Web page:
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IFAC Reflections Part 2
January 22, 2019
A review of Jerome Simian’s workshops on physical preparation for sport. I had to choose between different “strands” of coaching topics at the IFAC conference in Loughborough. A difficult choice, not wanting to miss out on some excellent speakers. I chose to attend Simian’s because of a quote I heard on the HMMR podcast: “I […]

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The Uncertainty Principle: From the Big Bang to Dark Energy Review

“Physics is uncertain. There is an overall predictability of patterns, but individual prediction is hard”

hitoshi murayamaHitoshi Murayama, Tokyo University.

I took this 5 week course due to having an interest in Astronomy and the big ideas of the Universe.

I have seen Martin Rees, Michio Kaku and Simon Singh present on various themes and read their books on “Space science“.

I thought this course would help me understand more. I was unprepared for the mathematics that would be involved (which caused more than one cup of coffee being spilt by me banging the table in frustration).

Answering the big questions

The course was based around answering these questions:

  • How did the Universe begin?
  • What is its fate?
  • What is it made of?
  • What are its fundamental laws?
  • Where do we come from?

The universeThe video lectures by Murayama were entertaining, and very interesting. I got lost with some of the maths (well, most of it), but the concepts were well explained.

Atoms make up less than 5% of the Universe (pictured), the rest is made up of Dark Matter and Dark Energy.

The Universe was crumpled at the beginning, then has gradually smoothed out. This has left some wrinkles in the patterns and density of matter (pictured). This explains why there are clusters of galaxies together.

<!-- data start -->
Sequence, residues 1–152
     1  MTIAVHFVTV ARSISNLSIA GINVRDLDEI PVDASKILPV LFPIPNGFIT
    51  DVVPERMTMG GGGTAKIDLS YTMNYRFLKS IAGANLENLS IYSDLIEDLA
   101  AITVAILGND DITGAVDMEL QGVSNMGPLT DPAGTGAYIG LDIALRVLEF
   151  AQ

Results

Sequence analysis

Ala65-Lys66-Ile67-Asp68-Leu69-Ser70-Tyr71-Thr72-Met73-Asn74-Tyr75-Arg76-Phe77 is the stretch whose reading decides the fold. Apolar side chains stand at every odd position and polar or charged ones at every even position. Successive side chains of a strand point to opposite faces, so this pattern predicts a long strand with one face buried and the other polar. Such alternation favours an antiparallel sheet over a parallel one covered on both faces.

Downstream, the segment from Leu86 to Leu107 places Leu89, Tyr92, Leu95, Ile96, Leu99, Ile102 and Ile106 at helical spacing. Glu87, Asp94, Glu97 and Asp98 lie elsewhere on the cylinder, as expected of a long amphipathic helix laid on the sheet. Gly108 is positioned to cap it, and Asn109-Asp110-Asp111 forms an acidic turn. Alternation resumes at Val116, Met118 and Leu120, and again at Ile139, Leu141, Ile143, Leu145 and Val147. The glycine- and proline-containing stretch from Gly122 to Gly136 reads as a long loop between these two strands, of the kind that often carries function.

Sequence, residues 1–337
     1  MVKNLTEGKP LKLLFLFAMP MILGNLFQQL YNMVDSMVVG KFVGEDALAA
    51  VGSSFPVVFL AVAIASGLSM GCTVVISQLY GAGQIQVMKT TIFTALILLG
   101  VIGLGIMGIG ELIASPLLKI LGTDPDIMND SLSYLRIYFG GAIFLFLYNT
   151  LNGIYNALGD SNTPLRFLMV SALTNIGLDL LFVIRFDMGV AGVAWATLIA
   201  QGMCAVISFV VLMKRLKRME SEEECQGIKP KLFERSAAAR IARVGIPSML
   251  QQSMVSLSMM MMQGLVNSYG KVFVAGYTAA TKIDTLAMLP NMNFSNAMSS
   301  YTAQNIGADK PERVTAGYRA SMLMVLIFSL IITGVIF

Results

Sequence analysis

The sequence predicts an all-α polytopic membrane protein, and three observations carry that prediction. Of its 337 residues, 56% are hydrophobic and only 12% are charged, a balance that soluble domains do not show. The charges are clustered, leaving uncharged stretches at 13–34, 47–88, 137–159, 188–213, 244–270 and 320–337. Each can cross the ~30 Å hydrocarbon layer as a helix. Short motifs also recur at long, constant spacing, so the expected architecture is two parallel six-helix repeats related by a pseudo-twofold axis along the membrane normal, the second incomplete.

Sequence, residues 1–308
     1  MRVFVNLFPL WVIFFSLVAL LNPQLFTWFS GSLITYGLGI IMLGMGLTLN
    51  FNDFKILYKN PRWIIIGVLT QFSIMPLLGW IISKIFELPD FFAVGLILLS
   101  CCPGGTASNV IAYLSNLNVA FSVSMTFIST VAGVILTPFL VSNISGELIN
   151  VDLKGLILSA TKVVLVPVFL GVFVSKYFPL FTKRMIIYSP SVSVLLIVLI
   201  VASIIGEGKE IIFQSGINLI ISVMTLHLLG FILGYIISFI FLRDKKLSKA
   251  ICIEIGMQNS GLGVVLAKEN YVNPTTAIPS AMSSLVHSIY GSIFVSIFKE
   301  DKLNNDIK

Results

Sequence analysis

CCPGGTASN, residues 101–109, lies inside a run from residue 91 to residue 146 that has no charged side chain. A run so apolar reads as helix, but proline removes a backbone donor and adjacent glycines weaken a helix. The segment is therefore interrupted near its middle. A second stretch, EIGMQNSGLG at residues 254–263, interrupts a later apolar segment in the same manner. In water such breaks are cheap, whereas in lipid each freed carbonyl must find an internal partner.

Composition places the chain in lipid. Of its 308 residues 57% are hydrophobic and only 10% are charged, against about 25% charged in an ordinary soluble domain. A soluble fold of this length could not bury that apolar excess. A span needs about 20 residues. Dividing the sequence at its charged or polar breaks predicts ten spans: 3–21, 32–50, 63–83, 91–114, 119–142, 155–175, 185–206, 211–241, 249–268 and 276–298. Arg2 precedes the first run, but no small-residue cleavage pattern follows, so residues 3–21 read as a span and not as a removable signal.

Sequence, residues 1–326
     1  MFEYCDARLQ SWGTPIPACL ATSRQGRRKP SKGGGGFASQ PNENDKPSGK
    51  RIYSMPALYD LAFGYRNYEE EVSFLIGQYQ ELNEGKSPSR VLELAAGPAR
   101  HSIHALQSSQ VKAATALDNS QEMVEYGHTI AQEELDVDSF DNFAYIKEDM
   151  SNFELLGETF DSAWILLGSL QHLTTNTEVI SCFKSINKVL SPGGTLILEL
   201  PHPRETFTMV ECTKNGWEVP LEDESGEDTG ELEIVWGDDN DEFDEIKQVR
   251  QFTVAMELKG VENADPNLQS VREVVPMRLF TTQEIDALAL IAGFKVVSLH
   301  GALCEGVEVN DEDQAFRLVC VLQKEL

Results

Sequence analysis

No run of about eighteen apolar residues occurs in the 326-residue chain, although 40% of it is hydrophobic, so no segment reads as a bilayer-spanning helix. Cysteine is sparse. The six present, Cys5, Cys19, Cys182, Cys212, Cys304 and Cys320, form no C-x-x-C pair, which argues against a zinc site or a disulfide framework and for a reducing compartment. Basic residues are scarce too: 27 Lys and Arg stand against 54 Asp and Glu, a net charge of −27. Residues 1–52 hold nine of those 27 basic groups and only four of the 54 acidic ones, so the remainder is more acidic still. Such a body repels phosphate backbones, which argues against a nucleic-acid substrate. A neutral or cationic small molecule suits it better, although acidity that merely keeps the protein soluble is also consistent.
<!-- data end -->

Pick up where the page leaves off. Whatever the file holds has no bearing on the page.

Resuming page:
How scientists are discovering and measuring these concepts was explained really well in the course. Massive collaborative projects that are underground such as the hadron collider, group arrays of telescopes, the Hubble Telescope and underwater stations.

Patience and luck seem to be two of the main factors responsible for discoveries.

The big numbers

big bang theoryIt is hard to grasp the sheer size of what is out there. The Universe started out less than the size of a virus and expanded into galaxy size in less than 1 second.

The initial state was one of disorder because of the heat and energy being released.

When it cooled (?) to 4 quadrillion degrees the Higgs Boson was able to freeze. The Higgs Boson is a crucial component because it slows (!) every elementary particle down to the speed of light.

It keeps our atoms together; without it we would evaporate in a second. Electrons are therefore able to fly around the atom without falling apart.

Some galaxies are colliding at a speed of 4500km/ sec!This can be seen by light being distorted due to the mass distorting gravity and light bending. If you can get out at night and look up at a clear sky, think of what is happening up there.


I really enjoyed learning about the history of the Universe, and what it contains.

There were no reading materials associated with the course which I thought was poor. Each of the MOOCS I have done has had different materials associated with it. The best have a balance of video and links to reading materials, along with the homework assignments, exams and discussion forums.

The maths involved in the course was horrendous, and there was no warning beforehand. If it had stated “You should be familar with advanced mathematics” then I would have taken a different course.

The graduate assistant setting the homework realised this and added some remedial videos. But, my time is limited and if I had wanted to do a maths course, I would have! I still managed to get 83.6% for the overall course.

I am no scientist, but I like studying and reading proper science. This course gave me a greater understanding, for which I am grateful and inspired.

Next up for me “The Fundamentals of Neuroscience” run by Harvard: switching to the science of the very small.

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